U.S. – Top 1% Owns More than Bottom 90%

SourceThe Blue Street Journal  on Facebook

When I saw this graphic in my Facebook News Feed, I immediately recalled the days (early 1980’s) when we thought how unjust and oppressive it was that 14 families owned 90% of the land in El Salvador, and we said no wonder the people revolted. Now the U.S. is the same, but where is the revolt?

A Facebook Friend commented “The problem is that the 90% are easily distracted by lotteries, Faux News, terrorist attacks, wars, immigration, right to life issues and gay rights. They get sucked into voting for special issues. The 1% NEVER get distracted by those things. For them, every issue is only about how it affects their pocketbooks. The issues are adopted by Republicans because they draw votes; not because the 1% care or are even affected by them.”

Crowdsourcing Serengeti Photos

“After Ali Swanson, an ecology researcher from the University of Minnesota, set up 225 cameras over 400 square miles of Tanzania’s Serengeti National Park, she was hit by the curse of Big Data: how do you make sense of the head-spinning contents of more than a million photographs?” (Daily Beast)

To identify so many photos, the researchers decided to enlist the aid of the public.  Anyone could register at the Snapshot Serengeti Project and begin identifying the animals and birds in the photos.  Multiple identifications of each photo help ensure accuracy, although the researchers also check things over.  The project, which began in December of 1012 was so popular that by the following February two years of photos were already classified.  The project is now engaged in uploading more photos for the public to identify.

The Serengeti Project is part of a larger University of Minnesota Lion Project which  “has been studying African lions in Tanzania’s Serengeti National Park and the Ngorongoro Conservation Area since the 1960’s. At any given time, our field teams keep track of about 330 lions in 24 prides in the Serengeti, and 50–60 lions in 5 prides on the floor of Ngorongoro Crater. . . over 5,000 lions have been included in the Serengeti and Crater studies over the past 40+ years.”  (SnapshotSerengeti)  To learn more about the findings from this lion research, read the blog written at the Snapshot Serengeti web site.

The Snapshot Serengeti Lion Project is one of many crowdsourcing projects located at Zooniverse where the public can assist in such projects as transcribing weather data from Royal Navy WW1 era ships (OldWeather) to searching for planets (Planet Hunters).

Other popular crowdsourcing projects include:

  •  Transcribe Bentham, the University College London’s efforts to digitize all the unpublished manuscripts of Jeremy Bentham
  • Project organized by the New York Public Library to transcribe and digitize more than 40,000 old menus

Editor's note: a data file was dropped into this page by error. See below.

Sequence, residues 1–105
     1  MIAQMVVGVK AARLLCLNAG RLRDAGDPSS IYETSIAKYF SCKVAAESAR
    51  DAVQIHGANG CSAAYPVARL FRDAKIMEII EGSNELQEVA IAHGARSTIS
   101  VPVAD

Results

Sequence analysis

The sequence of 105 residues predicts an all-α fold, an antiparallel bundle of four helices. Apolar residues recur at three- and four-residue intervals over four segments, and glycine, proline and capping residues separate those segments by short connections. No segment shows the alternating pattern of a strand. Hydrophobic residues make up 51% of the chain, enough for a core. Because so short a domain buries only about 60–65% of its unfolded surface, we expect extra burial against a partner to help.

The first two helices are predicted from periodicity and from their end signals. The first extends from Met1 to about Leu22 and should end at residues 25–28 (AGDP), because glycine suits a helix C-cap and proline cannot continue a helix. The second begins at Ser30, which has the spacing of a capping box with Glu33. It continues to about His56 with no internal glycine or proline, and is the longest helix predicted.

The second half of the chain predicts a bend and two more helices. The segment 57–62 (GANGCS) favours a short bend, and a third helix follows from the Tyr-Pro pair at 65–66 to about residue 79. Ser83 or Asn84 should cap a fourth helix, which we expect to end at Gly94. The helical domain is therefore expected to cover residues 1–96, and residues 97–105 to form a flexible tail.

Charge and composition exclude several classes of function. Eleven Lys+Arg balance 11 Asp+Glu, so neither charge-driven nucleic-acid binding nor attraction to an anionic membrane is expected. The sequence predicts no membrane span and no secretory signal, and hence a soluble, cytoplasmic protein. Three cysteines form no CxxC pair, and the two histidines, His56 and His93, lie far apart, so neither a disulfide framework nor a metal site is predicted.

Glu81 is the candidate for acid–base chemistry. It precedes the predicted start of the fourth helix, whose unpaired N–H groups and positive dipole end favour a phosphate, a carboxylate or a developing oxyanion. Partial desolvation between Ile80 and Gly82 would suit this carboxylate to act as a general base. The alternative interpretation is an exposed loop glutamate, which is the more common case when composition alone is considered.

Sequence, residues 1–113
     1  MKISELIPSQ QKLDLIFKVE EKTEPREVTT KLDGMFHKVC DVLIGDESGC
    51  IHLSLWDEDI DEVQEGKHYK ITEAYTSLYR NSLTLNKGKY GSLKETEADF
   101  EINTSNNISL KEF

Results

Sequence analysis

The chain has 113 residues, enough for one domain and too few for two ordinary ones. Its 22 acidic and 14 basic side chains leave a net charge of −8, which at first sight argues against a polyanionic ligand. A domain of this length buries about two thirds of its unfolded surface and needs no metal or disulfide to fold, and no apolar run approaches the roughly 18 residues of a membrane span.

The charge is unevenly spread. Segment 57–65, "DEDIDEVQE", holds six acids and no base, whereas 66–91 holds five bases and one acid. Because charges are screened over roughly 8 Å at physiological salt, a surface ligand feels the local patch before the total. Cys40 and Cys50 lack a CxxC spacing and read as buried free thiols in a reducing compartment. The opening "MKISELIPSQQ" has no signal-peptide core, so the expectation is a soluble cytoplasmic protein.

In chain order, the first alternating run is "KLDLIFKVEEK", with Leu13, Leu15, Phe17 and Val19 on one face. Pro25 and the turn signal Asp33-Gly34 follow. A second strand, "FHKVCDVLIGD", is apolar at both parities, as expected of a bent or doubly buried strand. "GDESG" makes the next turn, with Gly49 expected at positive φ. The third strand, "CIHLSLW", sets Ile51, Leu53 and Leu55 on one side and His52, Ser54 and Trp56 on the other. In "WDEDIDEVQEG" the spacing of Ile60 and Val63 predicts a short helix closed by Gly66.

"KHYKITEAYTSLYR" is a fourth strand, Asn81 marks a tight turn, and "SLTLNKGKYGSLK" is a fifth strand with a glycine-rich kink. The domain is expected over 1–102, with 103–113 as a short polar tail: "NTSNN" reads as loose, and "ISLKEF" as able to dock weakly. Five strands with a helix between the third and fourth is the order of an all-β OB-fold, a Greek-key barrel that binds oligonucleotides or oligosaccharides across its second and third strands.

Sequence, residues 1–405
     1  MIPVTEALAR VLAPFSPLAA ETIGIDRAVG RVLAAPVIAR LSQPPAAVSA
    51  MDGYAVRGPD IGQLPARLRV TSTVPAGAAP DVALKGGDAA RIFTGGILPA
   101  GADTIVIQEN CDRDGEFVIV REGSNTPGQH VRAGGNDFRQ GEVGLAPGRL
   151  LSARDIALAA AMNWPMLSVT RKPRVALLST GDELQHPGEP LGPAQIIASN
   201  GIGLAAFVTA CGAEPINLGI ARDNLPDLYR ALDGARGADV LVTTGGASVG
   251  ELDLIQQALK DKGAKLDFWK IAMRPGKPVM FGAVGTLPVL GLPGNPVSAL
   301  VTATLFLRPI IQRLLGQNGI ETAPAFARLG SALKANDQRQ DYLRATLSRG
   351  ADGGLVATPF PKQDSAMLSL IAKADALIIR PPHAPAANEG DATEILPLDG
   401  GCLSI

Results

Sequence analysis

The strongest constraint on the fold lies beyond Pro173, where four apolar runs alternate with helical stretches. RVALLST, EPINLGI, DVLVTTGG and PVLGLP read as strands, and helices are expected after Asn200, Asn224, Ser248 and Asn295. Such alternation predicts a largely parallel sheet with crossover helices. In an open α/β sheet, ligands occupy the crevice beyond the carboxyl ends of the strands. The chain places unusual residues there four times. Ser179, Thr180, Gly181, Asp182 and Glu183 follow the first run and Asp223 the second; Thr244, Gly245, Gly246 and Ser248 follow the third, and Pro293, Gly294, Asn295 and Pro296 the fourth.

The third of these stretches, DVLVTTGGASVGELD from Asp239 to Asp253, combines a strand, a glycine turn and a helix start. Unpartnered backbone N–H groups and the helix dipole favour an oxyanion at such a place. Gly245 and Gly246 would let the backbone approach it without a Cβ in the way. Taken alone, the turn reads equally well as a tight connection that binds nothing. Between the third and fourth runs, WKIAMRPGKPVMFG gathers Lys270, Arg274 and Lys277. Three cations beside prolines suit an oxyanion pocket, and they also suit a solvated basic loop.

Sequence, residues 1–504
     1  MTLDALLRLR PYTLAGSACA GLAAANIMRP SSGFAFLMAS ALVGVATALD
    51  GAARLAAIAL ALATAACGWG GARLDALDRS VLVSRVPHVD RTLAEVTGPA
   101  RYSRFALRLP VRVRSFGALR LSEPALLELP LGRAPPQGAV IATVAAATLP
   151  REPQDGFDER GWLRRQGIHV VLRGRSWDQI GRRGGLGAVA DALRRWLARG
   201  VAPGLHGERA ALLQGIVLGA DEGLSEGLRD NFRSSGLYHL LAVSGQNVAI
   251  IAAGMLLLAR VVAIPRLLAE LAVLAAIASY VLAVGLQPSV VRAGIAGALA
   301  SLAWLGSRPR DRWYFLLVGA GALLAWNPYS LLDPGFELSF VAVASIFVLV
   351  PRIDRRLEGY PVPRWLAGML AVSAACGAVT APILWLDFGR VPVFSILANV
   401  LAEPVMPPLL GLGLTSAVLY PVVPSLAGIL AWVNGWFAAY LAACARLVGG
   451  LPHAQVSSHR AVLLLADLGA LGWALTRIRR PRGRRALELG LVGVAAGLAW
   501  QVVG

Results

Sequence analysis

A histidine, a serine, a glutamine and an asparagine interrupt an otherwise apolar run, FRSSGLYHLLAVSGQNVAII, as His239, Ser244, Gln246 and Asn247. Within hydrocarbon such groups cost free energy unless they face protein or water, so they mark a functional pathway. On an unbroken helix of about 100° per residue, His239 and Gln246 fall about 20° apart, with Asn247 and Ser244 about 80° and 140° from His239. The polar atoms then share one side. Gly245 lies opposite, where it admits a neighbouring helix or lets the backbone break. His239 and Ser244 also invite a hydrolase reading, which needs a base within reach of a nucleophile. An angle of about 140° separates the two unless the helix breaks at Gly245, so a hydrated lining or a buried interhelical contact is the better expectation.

• The U.S. Geological Survey’s Bird Phrenology Program which asks the public to transcribe note cards recording bird migration observations
  • The Sixties Project which encourages members of the 60’s generation to contribute their own personal narratives.  The project also includes online exhibits, links to primary documents, and the online journal  Vietnam Generation.

GOP Principles = Decrimininalizing Drugs?

Conservative blogger Kavon Nikrad argues that decriminalizing drugs is a sound application of  GOP principles of small government and, furthermore, would help the GOP increase it share of young voters and black voters.

Conservatives used to argue that the federal government cannot fix cultural problems through social-engineering legislation. That argument was right, and the results of the Drug War are living proof of it. It is time for the Republican Party to take the lead in ending this failed policy. It’s good for families, it saves money, and it will engender a new perspective on the humanity of drug users.

Nikrad points out that heavy emphasis on drug arrests since the time of Nixon have not reduced drug use, although costing billions of dollars.  He cites the case of Portugal to show that decriminalizing drugs and treating addiction as a public health issue is much more successful.

Slightly over a decade ago, Portugal decriminalized all drugs, choosing instead to treat the matter as a public health concern. The result has been a staggering 50% decrease in estimated number of addicts, as well declining rates of overall drug use and drug-related diseases.

It is heartening to see a conservative concerned about racial discrimination resulting from government action.  Nikrad notes that “Despite comprising only 12% of the population, 62% of those who are sent to state prisons for drug offenses are black. Black men are sent to prison for drug offenses at 13 times the rate of white men.”

He urges the GOP to advocate for decriminalization.  “This is Big Government at its worst and most discriminatory. Where are Big Government’s supposed opponents when racial minorities need them? Republicans should stand up for the black community and call for an end to the failed Drug War.”

Sources:

Kavon Nikrad, “Opposing the war on drugs: Good policy, good politics,” Star Tribune, April 18, 2013, P. A13. Reprinted in Kavon Nikrad’s blog of 4/17/13 under title “It’s Time for Republicans to End the Failed, Immoral Drug War.”  Online at http://kavonnikrad.blogspot.com/2013/04/its-time-for-republicans-to-end-failed.html.

The Abayudaya Jews of Uganda

The Star Tribune of 3/24/13 carried a story about a unique Jewish community in Uganda, East Africa. The Abayudaya of Uganda began in 1919 when one African man studying the Bible under the direction of early missionaries decided that the Torah was the true word of God and became the leader of a growing indigenous community of Jews.  Under the leadership of Semei Kakungulu, the Jewish community grew to 3,000 souls.  But then they suffered persecution under Idi Amin who banned the Jewish religion.  The community migrated to the more remote district of Mbale near the Kenyan border where they have been slowly rebuilding.  Today the Jewish community lives in several villages and supports 6 temples, under the leadership of Rabbi Gershom.  Now numbering about 1,500, they run a school to teach the children Hebrew and observe the same Shabbat rituals and Holy Days as Jews around the world.

Sources and Further Info:

West Bank water seized by Israel

Great infographic from Visualizing Palestine in honor of U.N.’s World Water Day (March 22).  The Israeli government, which controls the Ramallah acquifer located in Palestine’s West Bank, allocates only  70 litres a day for each Palestinian.  The majority of the water is reserved for Israelis – 300 litres a day per Israeli.  Note that the World Health Organization says 100 litres per day per person is the minimum for good health.  (Click on photo to enlarge and read everything – original is 2000 pixels wide.)